Approximately 20% of female infertility can be attributed to tubal causes.
One of the most common causes of tubal infertility results from a prior history of pelvic inflammatory disease (PID). The rate of tubal infertility has been reported to be 12% after one, 23% after two, and 53% after three episodes of PID.
Other causes of tubal factor infertility can include severe pelvic adhesions, endometriosis, previous pelvic surgery (especially if performed on the tube), and previous pelvic infection (from an appendicitis or after a previous delivery).
An example of tubal pathology that may be identified at the time of either hysterosalpingogram (HSG) or Laparoscopy is a Hydrosalpinx.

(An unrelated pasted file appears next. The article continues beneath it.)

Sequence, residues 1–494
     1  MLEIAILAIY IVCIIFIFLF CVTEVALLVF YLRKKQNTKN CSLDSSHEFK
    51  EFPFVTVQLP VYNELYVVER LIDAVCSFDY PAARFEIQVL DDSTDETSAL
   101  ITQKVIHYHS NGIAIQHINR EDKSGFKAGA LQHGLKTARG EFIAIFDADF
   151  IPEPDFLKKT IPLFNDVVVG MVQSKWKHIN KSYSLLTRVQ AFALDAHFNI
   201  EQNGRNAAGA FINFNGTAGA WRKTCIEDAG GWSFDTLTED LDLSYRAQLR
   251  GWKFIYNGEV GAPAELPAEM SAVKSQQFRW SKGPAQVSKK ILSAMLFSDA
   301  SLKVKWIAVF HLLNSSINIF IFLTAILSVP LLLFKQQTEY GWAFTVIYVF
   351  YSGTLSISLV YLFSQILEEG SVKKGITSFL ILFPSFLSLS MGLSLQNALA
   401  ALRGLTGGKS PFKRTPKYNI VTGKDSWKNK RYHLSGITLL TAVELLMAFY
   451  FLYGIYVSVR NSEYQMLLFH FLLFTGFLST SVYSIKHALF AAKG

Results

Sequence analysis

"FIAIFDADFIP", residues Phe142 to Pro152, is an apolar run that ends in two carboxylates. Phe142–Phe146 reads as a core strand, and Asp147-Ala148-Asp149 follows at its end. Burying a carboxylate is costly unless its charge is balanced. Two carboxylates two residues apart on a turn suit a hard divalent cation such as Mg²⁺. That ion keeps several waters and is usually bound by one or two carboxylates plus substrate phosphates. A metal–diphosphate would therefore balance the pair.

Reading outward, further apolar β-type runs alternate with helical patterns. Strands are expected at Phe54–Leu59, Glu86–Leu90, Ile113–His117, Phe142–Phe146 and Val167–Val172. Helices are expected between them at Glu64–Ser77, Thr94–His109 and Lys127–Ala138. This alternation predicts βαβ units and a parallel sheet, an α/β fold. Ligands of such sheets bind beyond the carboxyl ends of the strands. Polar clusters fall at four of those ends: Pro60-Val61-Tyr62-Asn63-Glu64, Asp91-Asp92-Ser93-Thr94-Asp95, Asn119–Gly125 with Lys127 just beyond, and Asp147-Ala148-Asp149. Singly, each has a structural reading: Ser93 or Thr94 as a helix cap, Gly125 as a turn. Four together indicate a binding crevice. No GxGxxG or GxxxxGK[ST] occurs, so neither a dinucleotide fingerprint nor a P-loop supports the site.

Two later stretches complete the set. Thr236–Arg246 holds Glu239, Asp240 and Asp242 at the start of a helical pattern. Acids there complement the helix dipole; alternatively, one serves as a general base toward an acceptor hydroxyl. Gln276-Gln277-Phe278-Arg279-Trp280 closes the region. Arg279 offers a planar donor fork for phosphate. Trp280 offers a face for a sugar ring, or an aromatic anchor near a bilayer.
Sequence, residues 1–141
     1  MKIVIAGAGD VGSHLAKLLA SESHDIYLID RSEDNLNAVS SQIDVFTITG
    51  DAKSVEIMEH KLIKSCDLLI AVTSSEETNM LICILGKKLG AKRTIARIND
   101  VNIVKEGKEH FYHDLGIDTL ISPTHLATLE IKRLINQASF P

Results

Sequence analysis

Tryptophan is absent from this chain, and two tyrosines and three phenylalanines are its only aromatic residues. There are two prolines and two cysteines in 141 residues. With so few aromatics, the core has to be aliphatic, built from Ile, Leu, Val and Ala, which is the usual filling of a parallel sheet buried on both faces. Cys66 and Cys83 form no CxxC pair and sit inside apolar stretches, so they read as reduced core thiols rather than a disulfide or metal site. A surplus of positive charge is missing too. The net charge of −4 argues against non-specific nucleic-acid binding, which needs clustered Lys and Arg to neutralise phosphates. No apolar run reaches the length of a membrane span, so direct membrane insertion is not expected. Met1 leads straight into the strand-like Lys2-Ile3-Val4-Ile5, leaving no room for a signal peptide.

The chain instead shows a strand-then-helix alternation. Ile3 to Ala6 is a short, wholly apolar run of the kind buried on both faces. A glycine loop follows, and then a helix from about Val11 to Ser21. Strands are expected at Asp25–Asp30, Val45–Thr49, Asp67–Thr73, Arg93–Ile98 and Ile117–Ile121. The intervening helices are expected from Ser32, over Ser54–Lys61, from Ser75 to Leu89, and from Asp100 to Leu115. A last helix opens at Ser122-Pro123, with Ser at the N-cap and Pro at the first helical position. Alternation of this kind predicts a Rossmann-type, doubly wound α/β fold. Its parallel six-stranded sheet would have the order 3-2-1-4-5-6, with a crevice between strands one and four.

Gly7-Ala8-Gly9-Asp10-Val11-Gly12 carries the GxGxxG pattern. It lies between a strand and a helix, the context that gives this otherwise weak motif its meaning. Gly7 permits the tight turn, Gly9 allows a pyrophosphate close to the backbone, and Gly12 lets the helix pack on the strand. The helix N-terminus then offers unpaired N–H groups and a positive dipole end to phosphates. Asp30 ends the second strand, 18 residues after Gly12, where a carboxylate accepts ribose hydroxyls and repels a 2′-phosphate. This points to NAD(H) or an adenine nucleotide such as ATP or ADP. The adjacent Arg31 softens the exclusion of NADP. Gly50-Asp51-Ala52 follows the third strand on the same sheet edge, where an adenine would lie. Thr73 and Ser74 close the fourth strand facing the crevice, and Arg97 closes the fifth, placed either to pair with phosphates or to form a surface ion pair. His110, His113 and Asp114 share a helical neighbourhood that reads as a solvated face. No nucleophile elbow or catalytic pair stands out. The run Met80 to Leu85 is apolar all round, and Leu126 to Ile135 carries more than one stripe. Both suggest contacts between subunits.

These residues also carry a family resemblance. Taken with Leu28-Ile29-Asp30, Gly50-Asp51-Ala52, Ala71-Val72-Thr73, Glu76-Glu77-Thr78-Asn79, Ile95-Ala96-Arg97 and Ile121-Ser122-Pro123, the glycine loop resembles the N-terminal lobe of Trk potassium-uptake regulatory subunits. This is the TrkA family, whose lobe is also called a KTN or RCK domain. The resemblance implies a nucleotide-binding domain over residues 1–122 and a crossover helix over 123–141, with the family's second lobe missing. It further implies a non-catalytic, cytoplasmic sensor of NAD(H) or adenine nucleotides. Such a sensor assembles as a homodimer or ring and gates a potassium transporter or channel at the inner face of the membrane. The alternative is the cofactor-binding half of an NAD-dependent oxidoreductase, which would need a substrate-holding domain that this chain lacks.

Hydrosalpingses have characteristic appearances; In less severe forms, the fimbriae may be damaged, but some patency may still be preserved. The presence of hydrosalpinx may increase the risk for chemical and ectopic pregnancy (pregnancy located outside of the uterus) and may also reduce the chance for success with in vitro fertilization.
Fallopian tubes may also be occluded or disabled by endometriosis, infections after childbirth, appendicitis and peritonitis. The formation of adhesions may not necessarily block a fallopian tube, but may render it dysfunctional by distorting or separating it from the ovary.
Tubal factor infertility is usually treated by surgery, in vitro fertilization, or a combination of the two